Famous Italian poets include Dante Alighieri, Petrarch and Eugenio Montale. Dante Alighieri and Petrarch both lived in the Renaissance between the 13th and 14th centuries, while Eugenio Montale is one of Italy's most celebrated 20th century poets. He won the Nobel Prize for Literature in 1975.
Along with his fellow Italian poets Giuseppe Ungaretti and Salvatore Quasimodo, Montale is credited with the founding of hermeticism, a form of poetry characterized by obscurity; however, Montale himself rejected this label. Rather, his aim had been to liberate his poetry from convention and write with a fresh clarity of expression. His works were collected in five volumes, including "The Occasions" and "Satura: 1962-1970."
Dante Alighieri, commonly referred to as Dante, is best known for his "La Commedia" ("The Divine Comedy"). This epic work was written in three parts, describing the author's figurative journey through the Christian realms of Hell ("Inferno"), Purgatory ("Purgatorio") and Paradise ("Paradiso"). Much of Dante's fame is attributed to his decision to write the work in Italian, rather than Latin or Greek as was more usual. This brought him exposure to a wider audience. His work was used for the formalization of the modern Italian language.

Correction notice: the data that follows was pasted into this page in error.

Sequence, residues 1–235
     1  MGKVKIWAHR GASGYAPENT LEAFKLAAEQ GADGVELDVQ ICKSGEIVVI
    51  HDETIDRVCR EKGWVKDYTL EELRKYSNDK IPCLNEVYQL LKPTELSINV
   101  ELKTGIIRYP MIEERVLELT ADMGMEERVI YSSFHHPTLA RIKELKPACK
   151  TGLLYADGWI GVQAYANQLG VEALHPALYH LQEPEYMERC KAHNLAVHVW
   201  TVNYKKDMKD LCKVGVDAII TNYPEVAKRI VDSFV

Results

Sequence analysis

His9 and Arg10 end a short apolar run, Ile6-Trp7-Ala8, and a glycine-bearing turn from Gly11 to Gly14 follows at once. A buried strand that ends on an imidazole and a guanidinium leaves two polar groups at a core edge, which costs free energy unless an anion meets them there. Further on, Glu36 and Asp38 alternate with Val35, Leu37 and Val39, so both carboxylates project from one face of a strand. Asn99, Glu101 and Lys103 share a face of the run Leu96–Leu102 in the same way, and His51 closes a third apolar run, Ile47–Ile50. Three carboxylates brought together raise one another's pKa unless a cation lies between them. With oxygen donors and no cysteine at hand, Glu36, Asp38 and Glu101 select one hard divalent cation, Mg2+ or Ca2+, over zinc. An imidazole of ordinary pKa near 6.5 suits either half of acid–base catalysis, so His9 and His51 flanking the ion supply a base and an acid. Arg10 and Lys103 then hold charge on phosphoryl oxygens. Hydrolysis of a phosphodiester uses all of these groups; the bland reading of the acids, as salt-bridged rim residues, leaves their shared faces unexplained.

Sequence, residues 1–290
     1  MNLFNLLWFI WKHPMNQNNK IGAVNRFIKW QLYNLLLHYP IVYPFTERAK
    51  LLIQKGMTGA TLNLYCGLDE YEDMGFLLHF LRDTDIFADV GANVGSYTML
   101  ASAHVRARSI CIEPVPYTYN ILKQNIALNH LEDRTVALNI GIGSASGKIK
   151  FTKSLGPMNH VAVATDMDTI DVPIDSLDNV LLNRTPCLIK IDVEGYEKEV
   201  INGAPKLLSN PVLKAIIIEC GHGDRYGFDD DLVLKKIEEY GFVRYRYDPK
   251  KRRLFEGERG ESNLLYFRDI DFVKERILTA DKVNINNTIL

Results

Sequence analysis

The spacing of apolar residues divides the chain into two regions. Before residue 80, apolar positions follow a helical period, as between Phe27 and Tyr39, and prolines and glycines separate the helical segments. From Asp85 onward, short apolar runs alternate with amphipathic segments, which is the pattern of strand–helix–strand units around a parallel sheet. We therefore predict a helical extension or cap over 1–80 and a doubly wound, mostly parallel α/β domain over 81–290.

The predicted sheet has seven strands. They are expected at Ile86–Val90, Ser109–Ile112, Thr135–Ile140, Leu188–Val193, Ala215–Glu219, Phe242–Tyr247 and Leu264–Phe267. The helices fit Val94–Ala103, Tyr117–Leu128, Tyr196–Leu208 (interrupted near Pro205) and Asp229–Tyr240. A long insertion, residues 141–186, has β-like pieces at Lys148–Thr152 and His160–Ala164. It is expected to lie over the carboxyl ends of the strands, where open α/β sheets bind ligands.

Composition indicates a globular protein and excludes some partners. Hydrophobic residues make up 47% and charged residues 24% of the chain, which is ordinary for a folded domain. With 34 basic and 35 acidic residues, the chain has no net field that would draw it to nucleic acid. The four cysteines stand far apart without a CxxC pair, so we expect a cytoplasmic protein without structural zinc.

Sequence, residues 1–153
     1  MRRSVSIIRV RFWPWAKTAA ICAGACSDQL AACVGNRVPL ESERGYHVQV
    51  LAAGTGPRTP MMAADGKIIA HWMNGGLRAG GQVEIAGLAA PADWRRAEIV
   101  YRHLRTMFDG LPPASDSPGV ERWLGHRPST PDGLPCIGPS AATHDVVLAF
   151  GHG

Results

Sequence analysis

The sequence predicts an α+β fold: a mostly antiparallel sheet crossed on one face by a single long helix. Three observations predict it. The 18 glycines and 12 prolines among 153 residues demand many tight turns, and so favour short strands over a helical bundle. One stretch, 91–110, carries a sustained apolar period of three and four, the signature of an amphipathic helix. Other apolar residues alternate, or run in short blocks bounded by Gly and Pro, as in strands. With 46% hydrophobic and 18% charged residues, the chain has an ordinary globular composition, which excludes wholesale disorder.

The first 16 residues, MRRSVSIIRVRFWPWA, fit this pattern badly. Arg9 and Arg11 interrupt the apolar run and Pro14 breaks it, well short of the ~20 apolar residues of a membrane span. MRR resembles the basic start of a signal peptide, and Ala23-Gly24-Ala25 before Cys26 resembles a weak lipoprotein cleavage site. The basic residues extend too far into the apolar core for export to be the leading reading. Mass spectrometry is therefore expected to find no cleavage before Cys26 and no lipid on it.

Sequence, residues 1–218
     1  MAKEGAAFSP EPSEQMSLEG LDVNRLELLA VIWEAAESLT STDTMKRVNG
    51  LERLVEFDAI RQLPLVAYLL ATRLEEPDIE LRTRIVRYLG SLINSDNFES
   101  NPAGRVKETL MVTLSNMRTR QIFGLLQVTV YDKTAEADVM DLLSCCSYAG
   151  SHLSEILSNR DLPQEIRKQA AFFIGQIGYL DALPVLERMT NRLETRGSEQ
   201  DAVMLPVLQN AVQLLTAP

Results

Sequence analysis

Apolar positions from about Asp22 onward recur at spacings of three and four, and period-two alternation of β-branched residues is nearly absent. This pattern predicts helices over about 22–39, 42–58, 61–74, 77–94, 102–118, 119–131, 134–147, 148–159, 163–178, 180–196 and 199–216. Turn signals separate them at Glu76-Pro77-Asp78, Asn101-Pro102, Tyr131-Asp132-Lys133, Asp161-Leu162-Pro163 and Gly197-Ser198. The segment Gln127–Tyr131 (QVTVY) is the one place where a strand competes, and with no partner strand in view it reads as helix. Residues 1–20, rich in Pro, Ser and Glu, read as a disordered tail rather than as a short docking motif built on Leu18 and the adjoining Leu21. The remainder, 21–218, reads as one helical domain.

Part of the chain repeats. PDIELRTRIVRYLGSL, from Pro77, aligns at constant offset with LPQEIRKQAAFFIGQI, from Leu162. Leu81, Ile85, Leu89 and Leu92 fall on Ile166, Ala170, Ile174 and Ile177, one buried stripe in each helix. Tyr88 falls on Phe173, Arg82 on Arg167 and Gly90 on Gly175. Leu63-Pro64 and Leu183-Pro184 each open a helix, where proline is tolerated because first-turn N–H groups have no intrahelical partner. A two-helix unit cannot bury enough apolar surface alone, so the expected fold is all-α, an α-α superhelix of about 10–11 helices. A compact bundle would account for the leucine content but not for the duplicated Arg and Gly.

Petrarch's work was also used for this purpose. He is best known for his lyrical poems and sonnets, many of which were about his crush Laura. He also wrote epic poetry, such as "Africa," which was the story of the Second Punic War.